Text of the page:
Get ready for another test

The Georgia Senate passed HB 229, which requires students taking gym complete a physical fitness test once a year. The bill, which already passed the state House, now goes to Gov. Perdue for his signature.
The bill aims to combat the problem of childhood obesity. Also, parents will get annual reports on their child’s fitness. (Although one has to wonder if parents really need a school to tell them if their child is healthy.)
The question, however, is how schools will “test” physical fitness? Some say schools could use the President’s Physical Fitness Challenge, which includes running, push-ups and sit-ups.
Of course, the state could develop a new test for schools to use.
What type of test should schools use? How do you feel about schools measuring kids’ fitness – is this something educators should even be charged with doing?

27 comments Add your comment

worried about bigger issues

March 20th, 2009
10:17 am

When was a kid my school participated in the Presidential Physical Fitness Program. Fine.
Did this really need to be legislated? Please. Maybe the legislators have a bit too much time on their hands and should take a furlough day…or how about six?

high school teacher

March 20th, 2009
10:18 am

“This bill aims to combat childhood obesity.” Translation: this bill is aimed to make overweight children feel bad about themselves because they cant’ do 30 situps in 1 minute. OR… this bill is aimed to make overweight children stress out about passing a fitness test in PE, potentially ruining their GPA if this fitness test counts as a portion of their grade.

Do you really think a fitness test in PE once a year is going to convince a child (who probably doesn’t do the grocery shopping for the household) to eat better and exercise more?


March 20th, 2009
10:24 am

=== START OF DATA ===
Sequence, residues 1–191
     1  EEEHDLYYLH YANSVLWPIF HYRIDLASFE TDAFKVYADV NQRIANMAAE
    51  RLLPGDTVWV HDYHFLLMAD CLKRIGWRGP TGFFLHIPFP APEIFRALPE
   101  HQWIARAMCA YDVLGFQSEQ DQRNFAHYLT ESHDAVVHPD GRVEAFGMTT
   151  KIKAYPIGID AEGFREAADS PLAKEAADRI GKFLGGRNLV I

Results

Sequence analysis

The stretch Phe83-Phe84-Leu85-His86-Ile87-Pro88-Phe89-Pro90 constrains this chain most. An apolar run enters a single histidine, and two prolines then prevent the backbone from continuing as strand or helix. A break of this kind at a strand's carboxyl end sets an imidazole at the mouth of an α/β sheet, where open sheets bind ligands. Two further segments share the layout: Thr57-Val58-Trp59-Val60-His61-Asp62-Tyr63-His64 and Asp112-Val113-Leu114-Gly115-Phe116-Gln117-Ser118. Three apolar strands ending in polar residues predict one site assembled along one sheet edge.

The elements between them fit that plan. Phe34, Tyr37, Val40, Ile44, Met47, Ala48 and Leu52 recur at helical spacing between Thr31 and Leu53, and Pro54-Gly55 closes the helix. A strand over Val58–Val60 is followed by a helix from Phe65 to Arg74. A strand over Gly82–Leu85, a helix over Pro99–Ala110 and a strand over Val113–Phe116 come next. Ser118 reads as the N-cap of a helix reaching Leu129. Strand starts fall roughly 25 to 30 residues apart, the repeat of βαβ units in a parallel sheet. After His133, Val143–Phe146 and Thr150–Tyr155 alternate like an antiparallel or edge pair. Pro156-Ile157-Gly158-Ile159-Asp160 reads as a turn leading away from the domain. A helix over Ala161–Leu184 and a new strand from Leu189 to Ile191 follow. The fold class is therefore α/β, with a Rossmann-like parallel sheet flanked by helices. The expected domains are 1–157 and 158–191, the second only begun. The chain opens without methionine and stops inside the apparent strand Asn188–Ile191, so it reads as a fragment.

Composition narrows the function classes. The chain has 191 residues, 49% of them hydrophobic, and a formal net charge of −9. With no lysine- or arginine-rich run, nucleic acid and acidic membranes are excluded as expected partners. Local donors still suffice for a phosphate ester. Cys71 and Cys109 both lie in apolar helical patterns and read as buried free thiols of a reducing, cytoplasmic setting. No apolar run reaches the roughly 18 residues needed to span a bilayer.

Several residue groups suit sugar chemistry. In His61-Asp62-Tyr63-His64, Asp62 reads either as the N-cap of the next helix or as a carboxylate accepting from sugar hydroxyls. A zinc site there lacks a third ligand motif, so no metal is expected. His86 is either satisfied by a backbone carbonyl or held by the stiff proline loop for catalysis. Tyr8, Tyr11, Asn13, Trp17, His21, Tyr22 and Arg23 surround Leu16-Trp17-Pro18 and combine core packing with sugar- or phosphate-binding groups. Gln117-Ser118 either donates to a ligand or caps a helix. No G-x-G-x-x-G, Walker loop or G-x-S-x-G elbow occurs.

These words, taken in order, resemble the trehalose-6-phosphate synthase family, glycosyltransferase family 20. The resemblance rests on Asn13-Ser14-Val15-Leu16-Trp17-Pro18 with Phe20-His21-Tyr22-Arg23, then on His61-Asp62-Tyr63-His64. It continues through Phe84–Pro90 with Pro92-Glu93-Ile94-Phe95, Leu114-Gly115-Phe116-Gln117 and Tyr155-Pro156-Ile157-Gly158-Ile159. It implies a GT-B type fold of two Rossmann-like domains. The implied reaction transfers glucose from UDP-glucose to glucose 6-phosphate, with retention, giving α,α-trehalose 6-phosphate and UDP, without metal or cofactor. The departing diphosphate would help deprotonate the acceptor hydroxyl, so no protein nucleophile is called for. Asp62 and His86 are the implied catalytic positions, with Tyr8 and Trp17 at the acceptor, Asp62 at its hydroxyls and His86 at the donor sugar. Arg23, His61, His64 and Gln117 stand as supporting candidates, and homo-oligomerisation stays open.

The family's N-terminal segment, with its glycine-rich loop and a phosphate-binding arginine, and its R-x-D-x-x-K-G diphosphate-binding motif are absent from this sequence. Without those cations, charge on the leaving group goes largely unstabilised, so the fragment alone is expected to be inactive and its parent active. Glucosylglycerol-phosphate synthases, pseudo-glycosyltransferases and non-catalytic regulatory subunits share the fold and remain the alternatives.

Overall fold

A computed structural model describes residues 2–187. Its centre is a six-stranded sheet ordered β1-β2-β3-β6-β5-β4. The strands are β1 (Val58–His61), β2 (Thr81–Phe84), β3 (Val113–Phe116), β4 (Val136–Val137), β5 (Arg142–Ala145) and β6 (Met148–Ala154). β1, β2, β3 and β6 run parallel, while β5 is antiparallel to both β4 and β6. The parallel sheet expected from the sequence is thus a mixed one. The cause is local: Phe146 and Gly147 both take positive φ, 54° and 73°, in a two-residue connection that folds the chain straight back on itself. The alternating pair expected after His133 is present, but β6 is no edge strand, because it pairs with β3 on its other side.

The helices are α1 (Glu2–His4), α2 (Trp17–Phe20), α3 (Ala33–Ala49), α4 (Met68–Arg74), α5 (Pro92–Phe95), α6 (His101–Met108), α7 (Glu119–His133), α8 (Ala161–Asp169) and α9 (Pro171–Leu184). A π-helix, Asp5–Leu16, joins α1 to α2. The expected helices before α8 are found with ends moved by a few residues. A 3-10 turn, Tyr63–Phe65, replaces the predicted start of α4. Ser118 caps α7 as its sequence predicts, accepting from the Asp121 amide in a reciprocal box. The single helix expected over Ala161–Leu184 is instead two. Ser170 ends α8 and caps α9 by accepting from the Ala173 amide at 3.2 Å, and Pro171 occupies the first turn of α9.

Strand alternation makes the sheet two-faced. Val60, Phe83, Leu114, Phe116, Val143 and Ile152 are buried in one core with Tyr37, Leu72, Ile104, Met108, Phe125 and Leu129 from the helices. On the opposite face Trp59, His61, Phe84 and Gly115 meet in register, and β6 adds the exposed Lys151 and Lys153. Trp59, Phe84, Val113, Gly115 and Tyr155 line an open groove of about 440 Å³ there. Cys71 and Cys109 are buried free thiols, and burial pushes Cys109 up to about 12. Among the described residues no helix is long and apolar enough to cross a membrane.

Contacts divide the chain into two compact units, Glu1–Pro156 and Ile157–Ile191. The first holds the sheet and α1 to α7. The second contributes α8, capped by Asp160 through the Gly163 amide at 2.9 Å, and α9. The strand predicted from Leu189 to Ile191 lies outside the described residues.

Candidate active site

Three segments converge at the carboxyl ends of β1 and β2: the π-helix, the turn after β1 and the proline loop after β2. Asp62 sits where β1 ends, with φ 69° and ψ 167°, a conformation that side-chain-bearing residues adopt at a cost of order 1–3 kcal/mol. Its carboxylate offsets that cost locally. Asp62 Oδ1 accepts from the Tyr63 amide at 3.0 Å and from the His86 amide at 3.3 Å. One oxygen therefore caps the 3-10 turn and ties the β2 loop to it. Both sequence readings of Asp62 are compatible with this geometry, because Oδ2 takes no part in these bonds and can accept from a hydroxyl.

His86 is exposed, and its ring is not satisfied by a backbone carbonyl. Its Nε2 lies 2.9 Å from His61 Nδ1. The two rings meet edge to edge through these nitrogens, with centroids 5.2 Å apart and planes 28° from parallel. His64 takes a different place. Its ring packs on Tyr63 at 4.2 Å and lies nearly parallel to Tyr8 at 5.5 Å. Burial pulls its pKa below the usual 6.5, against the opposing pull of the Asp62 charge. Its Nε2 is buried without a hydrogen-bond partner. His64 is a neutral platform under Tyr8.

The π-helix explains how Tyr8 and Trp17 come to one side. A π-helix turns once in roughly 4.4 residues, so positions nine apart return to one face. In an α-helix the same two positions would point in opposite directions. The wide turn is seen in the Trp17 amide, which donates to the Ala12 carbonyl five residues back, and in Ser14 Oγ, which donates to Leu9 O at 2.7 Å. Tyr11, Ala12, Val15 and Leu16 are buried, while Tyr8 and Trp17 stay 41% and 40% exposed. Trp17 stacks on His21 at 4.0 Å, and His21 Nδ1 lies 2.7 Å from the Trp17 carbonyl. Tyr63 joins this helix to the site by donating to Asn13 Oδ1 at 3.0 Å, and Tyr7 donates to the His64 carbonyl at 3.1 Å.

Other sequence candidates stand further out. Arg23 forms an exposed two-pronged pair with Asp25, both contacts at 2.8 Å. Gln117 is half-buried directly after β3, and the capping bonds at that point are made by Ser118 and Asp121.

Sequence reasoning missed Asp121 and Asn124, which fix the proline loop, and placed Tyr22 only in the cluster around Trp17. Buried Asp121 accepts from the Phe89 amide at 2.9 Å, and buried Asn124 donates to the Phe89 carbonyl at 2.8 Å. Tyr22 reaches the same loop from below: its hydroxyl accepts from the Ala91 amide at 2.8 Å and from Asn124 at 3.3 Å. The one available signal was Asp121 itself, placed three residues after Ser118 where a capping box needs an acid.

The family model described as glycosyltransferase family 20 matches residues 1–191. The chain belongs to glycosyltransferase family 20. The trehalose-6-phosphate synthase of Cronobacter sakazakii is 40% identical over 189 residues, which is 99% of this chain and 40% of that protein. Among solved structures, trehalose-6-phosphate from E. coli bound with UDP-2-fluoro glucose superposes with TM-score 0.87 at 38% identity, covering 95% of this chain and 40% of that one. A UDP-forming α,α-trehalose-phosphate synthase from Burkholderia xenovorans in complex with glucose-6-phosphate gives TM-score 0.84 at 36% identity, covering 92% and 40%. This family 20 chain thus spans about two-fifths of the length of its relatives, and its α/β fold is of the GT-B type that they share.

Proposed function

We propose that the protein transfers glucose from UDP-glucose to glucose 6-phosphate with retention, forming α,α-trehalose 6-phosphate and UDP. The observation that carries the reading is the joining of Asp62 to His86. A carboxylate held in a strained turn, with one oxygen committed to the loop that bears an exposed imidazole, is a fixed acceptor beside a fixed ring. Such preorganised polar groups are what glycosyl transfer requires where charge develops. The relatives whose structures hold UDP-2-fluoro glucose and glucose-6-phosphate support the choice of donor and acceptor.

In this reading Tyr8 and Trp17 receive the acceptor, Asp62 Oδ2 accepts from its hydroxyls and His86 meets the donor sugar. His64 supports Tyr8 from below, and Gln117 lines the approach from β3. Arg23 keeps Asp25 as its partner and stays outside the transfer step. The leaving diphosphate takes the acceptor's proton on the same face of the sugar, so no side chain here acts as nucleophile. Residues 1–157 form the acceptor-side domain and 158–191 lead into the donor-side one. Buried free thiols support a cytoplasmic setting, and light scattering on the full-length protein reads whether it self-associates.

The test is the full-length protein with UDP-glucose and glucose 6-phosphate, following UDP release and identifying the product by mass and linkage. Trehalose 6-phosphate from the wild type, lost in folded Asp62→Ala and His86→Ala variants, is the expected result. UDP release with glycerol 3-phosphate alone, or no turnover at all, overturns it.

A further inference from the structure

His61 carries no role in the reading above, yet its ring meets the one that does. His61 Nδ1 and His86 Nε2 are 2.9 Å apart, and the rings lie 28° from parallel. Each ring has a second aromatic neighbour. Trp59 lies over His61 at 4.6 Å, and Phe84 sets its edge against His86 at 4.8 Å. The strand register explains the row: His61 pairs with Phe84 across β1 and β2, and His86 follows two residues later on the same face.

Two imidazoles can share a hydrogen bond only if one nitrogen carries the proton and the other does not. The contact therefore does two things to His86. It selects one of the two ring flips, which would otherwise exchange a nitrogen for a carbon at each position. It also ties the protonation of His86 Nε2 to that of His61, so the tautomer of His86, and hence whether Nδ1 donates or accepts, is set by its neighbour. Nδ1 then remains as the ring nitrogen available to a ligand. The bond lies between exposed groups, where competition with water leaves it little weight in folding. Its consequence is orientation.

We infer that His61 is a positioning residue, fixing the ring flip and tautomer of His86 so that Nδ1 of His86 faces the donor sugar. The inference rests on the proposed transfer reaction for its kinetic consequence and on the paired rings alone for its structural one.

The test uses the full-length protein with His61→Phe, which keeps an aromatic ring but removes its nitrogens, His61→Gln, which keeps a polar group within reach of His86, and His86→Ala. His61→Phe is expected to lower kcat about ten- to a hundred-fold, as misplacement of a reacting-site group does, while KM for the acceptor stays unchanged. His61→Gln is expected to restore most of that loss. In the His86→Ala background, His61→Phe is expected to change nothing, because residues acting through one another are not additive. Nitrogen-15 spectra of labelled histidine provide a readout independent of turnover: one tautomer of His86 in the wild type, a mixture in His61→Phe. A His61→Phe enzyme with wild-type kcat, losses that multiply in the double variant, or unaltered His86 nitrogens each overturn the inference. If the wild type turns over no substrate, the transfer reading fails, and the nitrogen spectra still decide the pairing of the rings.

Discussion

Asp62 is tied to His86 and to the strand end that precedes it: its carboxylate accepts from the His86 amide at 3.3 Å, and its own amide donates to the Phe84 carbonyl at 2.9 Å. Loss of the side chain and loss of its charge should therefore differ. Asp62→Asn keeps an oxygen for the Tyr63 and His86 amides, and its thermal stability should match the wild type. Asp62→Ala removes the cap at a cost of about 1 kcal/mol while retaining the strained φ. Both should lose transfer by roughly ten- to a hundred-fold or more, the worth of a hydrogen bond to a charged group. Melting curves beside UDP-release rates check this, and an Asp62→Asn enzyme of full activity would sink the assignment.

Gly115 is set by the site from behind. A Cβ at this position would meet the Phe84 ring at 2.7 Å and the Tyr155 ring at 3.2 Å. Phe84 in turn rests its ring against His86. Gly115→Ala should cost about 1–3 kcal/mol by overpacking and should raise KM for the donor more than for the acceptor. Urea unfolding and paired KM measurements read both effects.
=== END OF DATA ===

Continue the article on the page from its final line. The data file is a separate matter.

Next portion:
One could ‘rationalize’ this is an attempt to address the overall public health challenges our country faces. Having this information will ‘hopefully’ encourage parents to follow up on items in the report that need attention. It could be cheaper to address maladies found early on that down the road. If this results in savings with our spiraling health costs, that could be a good thing.

Should/could this be done during the school day? I would thing the main concern would be the time taken away from instruction along with the current measures in place. If the schools are tasked with this, we should also have a conversation about lengthening the school day. IMO, it does not matter what test is used as long as there is a standard.

Northern Visitor

March 20th, 2009
10:43 am

Looks like you people need to give up all that pork and funnel cake. It must be rough living in GA. Not only are your kids stupid, but they are also obese.

Lisa B.

March 20th, 2009
10:54 am

Our Middle School students are required to pass minimal requirements to pass P.E. For example, they need to wear athletic shoes every day, be able to complete a mile in 16 minutes (I can do that without running), and participate in activities. We have numerous straight A students who are not on the Honor Roll because of bad grades in P.E. P.E. is a class taught by certified teachers. It is important and should be taken seriously. Maybe school is the only place some kids hear anything about the importance of exercise and healthy life styles.

Make teachers accountable, General Assembly!

March 20th, 2009
11:25 am

Teachers should be totally accountable for the health of their students. They are with them more than their parents are.